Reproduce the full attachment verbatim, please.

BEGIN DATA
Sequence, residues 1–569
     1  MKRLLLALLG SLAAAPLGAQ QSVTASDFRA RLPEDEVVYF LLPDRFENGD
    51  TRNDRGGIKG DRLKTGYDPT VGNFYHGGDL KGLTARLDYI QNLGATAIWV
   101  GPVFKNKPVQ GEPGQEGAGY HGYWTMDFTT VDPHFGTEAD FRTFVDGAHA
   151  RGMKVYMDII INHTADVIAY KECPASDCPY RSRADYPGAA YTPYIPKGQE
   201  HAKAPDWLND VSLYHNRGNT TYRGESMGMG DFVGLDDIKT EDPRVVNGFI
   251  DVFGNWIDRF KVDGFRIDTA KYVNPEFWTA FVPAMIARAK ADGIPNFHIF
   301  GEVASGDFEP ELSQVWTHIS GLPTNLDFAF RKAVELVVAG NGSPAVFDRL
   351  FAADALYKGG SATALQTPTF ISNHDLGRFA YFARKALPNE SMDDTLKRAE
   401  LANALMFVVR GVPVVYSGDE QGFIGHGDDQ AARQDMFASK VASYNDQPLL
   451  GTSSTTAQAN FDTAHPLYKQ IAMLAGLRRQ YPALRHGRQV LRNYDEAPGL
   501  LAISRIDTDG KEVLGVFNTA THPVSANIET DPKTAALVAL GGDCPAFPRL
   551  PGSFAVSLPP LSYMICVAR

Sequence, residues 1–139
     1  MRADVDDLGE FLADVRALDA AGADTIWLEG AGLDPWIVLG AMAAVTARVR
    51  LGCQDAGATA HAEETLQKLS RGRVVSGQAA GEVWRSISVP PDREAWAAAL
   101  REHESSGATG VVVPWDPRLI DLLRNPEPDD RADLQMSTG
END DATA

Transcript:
Sequence, residues 1–569
     1  MKRLLLALLG SLAAAPLGAQ QSVTASDFRA RLPEDEVVYF LLPDRFENGD
    51  TRNDRGGIKG DRLKTGYDPT VGNFYHGGDL KGLTARLDYI QNLGATAIWV
   101  GPVFKNKPVQ GEPGQEGAGY HGYWTMDFTT VDPHFGTEAD FRTFVDGAHA
   151  RGMKVYMDII INHTADVIAY KECPASDCPY RSRADYPGAA YTPYIPKGQE
   201  HAKAPDWLND VSLYHNRGNT TYRGESMGMG DFVGLDDIKT EDPRVVNGFI
   251  DVFGNWIDRF KVDGFRIDTA KYVNPEFWTA FVPAMIARAK ADGIPNFHIF
   301  GEVASGDFEP ELSQVWTHIS GLPTNLDFAF RKAVELVVAG NGSPAVFDRL
   351  FAADALYKGG SATALQTPTF ISNHDLGRFA YFARKALPNE SMDDTLKRAE
   401  LANALMFVVR GVPVVYSGDE QGFIGHGDDQ AARQDMFASK VASYNDQPLL
   451  GTSSTTAQAN FDTAHPLYKQ IAMLAGLRRQ YPALRHGRQV LRNYDEAPGL
   501  LAISRIDTDG KEVLGVFNTA THPVSANIET DPKTAALVAL GGDCPAFPRL
   551  PGSFAVSLPP LSYMICVAR

Sequence, residues 1–139
     1  MRADVDDLGE FLADVRALDA AGADTIWLEG AGLDPWIVLG AMAAVTARVR
    51  LGCQDAGATA HAEETLQKLS RGRVVSGQAA GEVWRSISVP PDREAWAAAL
   101  REHESSGATG VVVPWDPRLI DLLRNPEPDD RADLQMSTG